Courtesy of Rosemary Lunn, The Underwater Marketing Company
______________________

We regret to announce that David Parker, Company Chairman and co-founder of AP has died.

He helped shape British diving over four decades, initially inventing and then manufacturing the AP Valve (the Angela Parker Valve). This very simple and reliable breathing valve allowed divers to breathe the emergency air carried in the small ABLJ bottles fitted to the Fenzy and later the Buddy jackets. Whilst it seems impossible to imagine now because almost every diver carries an alternative air source, ie an Octopus, this wasn’t always the case. When the AP Valve was invented alternative air sources were just a pipe dream, hence this valve was much valued because it was an effective way of getting air to breathe in those first critical moments of an “out of air situation”.

In 1972 David created the first Buddy buoyancy jacket and it was one of the first manufactured with a direct feed low pressure inflator. Two years later in 1974 David again was an innovator producing polyurethane HF welded buoyancy jackets – the only sensible production technique that is used today for all BCs and Counterlungs.

He also invented the self-sealing surface marker buoy and was running the company when the Buddy Pacific, Arctic, Sea King, and Commando jackets were developed and first sold.

David Parker was a founding member of the North Warwicks Sub Aqua Club and was BSAC Instructor No.177.

In 2007, he was awarded a much deserved Lifetime Achievement Award by Diver Magazine for his lasting contribution to the diving industry. As of today’s date, the only lifetime achievement award they have made.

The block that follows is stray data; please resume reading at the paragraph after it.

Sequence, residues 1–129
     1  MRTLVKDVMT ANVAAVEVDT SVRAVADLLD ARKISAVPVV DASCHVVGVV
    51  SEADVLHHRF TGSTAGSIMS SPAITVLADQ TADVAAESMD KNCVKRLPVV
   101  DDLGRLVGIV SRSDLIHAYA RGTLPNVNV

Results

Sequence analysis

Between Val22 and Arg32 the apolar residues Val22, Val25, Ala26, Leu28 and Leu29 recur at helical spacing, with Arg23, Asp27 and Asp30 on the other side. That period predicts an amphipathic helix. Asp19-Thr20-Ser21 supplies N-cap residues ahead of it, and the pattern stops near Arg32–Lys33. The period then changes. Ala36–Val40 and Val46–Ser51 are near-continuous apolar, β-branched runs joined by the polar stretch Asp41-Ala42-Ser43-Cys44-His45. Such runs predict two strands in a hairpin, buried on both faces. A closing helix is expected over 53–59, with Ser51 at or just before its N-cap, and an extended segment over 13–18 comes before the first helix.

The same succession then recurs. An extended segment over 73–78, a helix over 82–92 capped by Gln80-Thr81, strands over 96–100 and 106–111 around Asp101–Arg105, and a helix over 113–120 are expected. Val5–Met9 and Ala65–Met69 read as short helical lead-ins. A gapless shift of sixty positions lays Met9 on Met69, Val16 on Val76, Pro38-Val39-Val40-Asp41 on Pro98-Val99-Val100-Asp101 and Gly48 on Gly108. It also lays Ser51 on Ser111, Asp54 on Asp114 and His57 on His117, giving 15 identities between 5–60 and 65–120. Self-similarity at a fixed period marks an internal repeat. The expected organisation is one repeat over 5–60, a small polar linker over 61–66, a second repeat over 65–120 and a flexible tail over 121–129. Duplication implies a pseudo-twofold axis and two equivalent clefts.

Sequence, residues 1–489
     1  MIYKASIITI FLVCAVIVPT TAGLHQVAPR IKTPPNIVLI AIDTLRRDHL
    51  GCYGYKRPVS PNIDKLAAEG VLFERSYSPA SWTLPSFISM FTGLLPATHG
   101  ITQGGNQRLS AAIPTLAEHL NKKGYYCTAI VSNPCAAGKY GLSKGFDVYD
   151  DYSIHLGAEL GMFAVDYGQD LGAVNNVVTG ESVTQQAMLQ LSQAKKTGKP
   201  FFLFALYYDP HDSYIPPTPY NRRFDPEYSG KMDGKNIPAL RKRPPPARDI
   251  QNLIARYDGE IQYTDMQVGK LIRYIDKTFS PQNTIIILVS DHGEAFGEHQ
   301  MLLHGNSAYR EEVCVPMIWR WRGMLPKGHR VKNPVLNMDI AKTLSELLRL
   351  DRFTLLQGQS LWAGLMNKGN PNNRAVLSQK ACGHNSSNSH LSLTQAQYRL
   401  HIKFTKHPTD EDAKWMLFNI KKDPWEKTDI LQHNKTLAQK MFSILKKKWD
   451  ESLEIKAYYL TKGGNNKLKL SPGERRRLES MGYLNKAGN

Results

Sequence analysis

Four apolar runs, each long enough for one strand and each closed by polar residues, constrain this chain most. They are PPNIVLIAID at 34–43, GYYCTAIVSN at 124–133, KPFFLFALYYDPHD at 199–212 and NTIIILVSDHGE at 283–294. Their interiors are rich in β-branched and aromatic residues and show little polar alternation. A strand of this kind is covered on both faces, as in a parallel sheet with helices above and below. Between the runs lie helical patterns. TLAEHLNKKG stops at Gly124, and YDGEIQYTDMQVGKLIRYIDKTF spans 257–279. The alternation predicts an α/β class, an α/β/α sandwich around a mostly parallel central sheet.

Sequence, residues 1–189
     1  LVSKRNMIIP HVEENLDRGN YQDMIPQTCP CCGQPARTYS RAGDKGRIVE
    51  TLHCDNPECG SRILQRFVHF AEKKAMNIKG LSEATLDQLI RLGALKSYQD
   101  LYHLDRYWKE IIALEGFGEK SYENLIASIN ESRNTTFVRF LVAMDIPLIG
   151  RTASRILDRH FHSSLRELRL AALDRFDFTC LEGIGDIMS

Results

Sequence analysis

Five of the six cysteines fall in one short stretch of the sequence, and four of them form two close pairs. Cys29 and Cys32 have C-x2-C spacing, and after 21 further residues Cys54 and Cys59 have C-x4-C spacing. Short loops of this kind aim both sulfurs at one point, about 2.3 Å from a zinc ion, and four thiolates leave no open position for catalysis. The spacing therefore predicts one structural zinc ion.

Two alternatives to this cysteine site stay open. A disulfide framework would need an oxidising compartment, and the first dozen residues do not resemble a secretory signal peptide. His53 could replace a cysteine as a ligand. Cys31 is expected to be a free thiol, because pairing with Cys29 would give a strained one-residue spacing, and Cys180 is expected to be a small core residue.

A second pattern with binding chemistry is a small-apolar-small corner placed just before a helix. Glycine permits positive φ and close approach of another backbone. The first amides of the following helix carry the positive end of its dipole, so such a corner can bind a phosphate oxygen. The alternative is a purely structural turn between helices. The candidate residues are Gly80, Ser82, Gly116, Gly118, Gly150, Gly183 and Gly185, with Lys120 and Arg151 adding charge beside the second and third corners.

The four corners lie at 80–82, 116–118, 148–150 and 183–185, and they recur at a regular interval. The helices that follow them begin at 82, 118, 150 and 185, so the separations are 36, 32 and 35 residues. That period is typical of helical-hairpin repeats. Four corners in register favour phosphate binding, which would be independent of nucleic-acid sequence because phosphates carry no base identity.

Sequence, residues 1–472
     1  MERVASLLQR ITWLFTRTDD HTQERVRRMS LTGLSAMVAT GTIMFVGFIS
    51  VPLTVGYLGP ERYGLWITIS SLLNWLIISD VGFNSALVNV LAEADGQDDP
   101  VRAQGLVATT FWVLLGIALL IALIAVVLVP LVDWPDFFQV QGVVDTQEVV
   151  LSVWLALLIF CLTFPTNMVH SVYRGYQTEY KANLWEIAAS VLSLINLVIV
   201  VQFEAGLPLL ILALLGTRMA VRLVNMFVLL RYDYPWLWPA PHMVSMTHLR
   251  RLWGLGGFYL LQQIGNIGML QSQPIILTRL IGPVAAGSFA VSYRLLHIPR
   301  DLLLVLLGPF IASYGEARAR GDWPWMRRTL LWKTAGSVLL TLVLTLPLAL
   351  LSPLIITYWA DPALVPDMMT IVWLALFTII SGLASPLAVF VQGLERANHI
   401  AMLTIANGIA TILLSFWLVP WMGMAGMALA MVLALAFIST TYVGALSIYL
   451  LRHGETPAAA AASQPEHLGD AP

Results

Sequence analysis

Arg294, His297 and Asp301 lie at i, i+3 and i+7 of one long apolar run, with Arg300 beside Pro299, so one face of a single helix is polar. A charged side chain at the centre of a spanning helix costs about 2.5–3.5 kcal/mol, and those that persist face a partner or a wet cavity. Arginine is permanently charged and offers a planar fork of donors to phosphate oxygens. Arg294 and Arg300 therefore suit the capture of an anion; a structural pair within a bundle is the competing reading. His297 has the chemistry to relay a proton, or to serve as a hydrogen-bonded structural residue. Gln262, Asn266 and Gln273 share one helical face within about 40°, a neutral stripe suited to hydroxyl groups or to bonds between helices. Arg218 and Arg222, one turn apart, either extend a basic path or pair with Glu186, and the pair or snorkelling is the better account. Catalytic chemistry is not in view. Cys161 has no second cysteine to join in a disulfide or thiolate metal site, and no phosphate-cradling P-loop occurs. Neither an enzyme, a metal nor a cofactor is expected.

He leaves behind an incredible legacy in the shape of AP Valves and Ambient Pressure Diving

2.11.11

Galapagos Rebreathers and X-Ray Magazine collaborate in rebreather travel article

X-Ray magazine published an article about rebreather travel involving Galapagos Rebreathers photos and staff. We are commited to developing the travel component for a rebreather revolution. Click on the image below to download the issue directly and stay tuned. We are at DEMA and will report on the latest rebreather advancements at the show.

 

10.10.11

DEMA 2011

Galapagos Rebreathers representative Jorge A. Mahauad will attend DEMA Show 2001. If you have any questions or comments, want to learn more about rebreather expeditions in the Galapagos Islands or just chat for a bit please just contact him.

28.9.11

Galapagos Rebreathers in Costa Buceo Ecuador




The first ever diving forum in Ecuador “Costabuceo Ecuador” is being held in Guayaquil at this time. It started on Wednesday September 28th, will end on Thursday the 30th and 10 exhibitors are speaking about subjects ranging from underwater photography to diving medicine. Disciplines involved also range from military diving to APNEA and rebreather technologies are obviously included. Galapagos Rebreathers manager Jorge A. Mahauad made a short presentation about this technology and it's application in Ecuador and the Galapagos Islands. 



21.9.11

New found treasure for Galapagos Rebreathers


The Galapagos Islands have been in the eye of rebreather divers for a while now. Although there was not a rebreather specific and specialized operation in the islands until we showed up, several pioneers and rebreather divers have been here since the early times of diving.

Probably the first ever was Dr. Hans Hass, a diving pioneer known mainly for his ground breaking documentaries about the underwater world, which were mostly made with the use of rebreathers as the diving technology of choice.


Dr. Hass left some treasure back for us from his two visits to Floreana Island in the 1950’s. This week, after many years under the domain of Capt. Rolf Wittmer, a series of images original photographs with handwritten dedication to the family have been recovered, catalogued and preserved. Photographs are dedicated to the family of Galapagos Rebreathers manager Mr. Jorge A. Mahauad.